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Roland Tiemann’s Answers

287 total


  • Was paid unemployment. CA wants back + interest handled myself & appealed. now told need writ of mandate &need lawyer can't

    afford. was working min wage, now surgery and need 2 more--not able to work. this is from yrs ago interest huge

    Roland’s Answer

    Some law schools have interns that take on legal cases for indigent people. If this is your case, try contacting law schools in your area for their legal clinics.

    See question 
  • As a renter, my home was auctioned.. My landlord gave no warning & is avoiding us.. Will I be in legal trouble?

    My rental home was just foreclosed & sold at auction Aug. 11th. The previous owners, nor the winning bidders have attempted to contact me. i have no money saved and lost my deposit. What are my options? And is there an agent that I can contact? HE...

    Roland’s Answer

    Check out this link from CA Dept of Consumer Affairs regarding your rights as a CA tenant.

    http://www.dca.ca.gov/publications/landlordbook/catenant.pdf

    Excerpt from above link

    Landlord Sale of Rental Unit
    If your landlord voluntarily sells the rental unit that you live in, your legal rights as a tenant are not changed. Tenants who have a lease have the right to remain through the end of the lease under the same terms and conditions. The new landlord can end a periodic tenancy (for example, a month-to-month tenancy), but only after giving the tenant the required advance notice. The sale of the building doesn’t change the rights of the tenants to have their security deposits refunded when they move.

    When property is sold in foreclosure
    state law provides that a tenant in possession of a rental housing unit at the time a property is sold in foreclosure shall be given 60 days’ written notice to quit before the tenant may be removed from the property. If your lease was signed before the deed of trust or mortgage was recorded, your lease will not be set aside by the foreclosure.

    This is a general discussion of legal principles by a California lawyer and does not create an attorney/client relationship. This is not intended to be legal advice in your specific case. It's impossible to give detailed, accurate advice based on a few sentences on a website. You should always seek advice from an attorney licensed in your jurisdiction who can give you an informed opinion after reviewing all of the relevant information in your case.

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  • I live in a section 8 building and received a 3 day notice to quit for for a shooting that ocured outside my apt is that legal?

    I was away from my apartment for 4 weeks taking care of my mom because she was ill. While I was away they served me a 3-day notice to quit based on criminal activity in my apartment. The incident took place outside of my apartment and I have pro...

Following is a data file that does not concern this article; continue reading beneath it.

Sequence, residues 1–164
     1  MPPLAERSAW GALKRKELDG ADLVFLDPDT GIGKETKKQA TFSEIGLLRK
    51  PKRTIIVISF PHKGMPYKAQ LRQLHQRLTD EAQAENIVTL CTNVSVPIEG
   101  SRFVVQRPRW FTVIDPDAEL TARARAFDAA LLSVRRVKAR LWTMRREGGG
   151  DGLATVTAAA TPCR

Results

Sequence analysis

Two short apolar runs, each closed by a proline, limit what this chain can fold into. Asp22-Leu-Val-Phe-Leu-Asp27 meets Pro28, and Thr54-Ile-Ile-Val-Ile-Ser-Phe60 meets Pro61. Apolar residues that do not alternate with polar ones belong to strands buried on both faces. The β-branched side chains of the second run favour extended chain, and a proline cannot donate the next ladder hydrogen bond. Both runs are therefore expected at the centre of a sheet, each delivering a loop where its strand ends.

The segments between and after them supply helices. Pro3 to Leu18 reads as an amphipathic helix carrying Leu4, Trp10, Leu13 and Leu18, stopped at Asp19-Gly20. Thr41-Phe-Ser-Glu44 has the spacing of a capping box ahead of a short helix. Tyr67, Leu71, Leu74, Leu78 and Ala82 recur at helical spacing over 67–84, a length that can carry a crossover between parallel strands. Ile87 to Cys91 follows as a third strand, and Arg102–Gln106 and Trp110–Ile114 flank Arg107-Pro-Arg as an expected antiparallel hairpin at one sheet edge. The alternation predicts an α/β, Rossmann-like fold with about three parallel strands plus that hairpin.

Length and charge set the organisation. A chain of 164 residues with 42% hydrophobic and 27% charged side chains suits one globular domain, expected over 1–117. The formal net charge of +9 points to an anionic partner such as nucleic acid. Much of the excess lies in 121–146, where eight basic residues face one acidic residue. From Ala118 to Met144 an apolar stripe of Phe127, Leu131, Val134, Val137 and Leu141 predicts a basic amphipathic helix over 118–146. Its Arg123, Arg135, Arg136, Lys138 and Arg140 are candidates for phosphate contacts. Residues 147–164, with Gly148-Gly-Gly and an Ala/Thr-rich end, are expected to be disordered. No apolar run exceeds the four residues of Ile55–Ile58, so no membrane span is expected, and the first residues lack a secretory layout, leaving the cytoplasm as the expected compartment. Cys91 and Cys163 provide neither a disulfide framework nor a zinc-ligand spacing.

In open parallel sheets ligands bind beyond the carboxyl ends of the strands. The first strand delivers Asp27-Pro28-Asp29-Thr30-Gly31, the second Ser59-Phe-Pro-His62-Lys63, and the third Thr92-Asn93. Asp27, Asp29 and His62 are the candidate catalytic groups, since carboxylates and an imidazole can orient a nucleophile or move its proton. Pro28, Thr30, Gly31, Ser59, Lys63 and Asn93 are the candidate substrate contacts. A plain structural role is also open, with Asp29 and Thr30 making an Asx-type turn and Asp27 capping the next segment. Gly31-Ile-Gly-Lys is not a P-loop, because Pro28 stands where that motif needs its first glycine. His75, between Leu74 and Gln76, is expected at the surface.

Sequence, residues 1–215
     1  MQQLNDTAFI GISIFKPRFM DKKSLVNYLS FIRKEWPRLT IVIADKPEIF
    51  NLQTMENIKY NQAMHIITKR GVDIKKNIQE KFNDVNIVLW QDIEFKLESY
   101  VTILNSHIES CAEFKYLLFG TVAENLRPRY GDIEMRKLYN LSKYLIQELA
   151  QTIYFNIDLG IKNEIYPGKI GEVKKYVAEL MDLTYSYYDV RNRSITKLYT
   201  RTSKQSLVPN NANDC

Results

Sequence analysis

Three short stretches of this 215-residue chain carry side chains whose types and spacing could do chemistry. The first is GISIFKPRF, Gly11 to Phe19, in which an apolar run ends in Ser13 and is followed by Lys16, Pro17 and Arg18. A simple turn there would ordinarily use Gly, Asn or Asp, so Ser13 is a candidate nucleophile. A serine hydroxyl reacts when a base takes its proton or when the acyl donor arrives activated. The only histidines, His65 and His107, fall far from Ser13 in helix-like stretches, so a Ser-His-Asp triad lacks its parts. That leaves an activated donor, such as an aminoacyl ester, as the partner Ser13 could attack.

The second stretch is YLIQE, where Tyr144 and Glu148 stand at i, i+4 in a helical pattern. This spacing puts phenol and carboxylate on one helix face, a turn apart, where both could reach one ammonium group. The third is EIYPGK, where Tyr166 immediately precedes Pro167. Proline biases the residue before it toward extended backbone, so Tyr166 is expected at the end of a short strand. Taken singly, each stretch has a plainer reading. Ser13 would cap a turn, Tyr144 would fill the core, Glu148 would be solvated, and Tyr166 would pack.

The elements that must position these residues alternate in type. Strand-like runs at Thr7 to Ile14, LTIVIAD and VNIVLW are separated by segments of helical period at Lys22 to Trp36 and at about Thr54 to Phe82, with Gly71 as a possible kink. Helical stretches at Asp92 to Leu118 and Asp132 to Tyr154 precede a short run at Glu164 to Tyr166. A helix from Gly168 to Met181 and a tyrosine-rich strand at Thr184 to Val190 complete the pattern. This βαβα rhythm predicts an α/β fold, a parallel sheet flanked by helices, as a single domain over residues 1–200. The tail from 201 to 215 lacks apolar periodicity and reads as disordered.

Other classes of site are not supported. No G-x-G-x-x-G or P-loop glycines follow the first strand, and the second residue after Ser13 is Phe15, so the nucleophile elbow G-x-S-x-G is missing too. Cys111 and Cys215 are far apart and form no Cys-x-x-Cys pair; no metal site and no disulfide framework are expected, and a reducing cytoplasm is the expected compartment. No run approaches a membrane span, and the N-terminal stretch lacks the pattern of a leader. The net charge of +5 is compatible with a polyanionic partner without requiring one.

Roland’s Answer

    Go to this link regarding your rights as a tenant in CA. The free publication is written by the CA Dept of Consumer Affairs.

    http://www.dca.ca.gov/publications/landlordbook/catenant.pdf

    Here is a section out of the above handbook.

    Suppose that you are a tenant who participates in the section 8 housing voucher program. While the lease is in effect, the landlord must have good cause to terminate (end) the tenancy. Examples of good cause include serious or repeated violations of the lease, or criminal activity that threatens the health or safety of other residents. Incidents of domestic violence may not be used as a violation by the victim or threatened victim as good cause for the landlord to terminate the tenancy, occupancy rights or assistance of the victim. The landlord must give the tenant a three-day or 30-day or 60-day notice of termination under California law, and both the landlord and the tenant must give the public housing agency a copy of the notice. What if the landlord simply decides not to renew the lease, or decides to terminate the hAp (housing assistance payment) contract? in this case, the landlord must give the tenant 90 days’ advance written notice of the termination date. If the tenant doesn’t move out by the end of the 90 days, the landlord must follow California law to evict the tenant.

    This is a general discussion of legal principles by a California lawyer and does not create an attorney/client relationship. This is not intended to be legal advice in your specific case. It's impossible to give detailed, accurate advice based on a few sentences on a website. You should always seek advice from an attorney licensed in your jurisdiction who can give you an informed opinion after reviewing all of the relevant information in your case.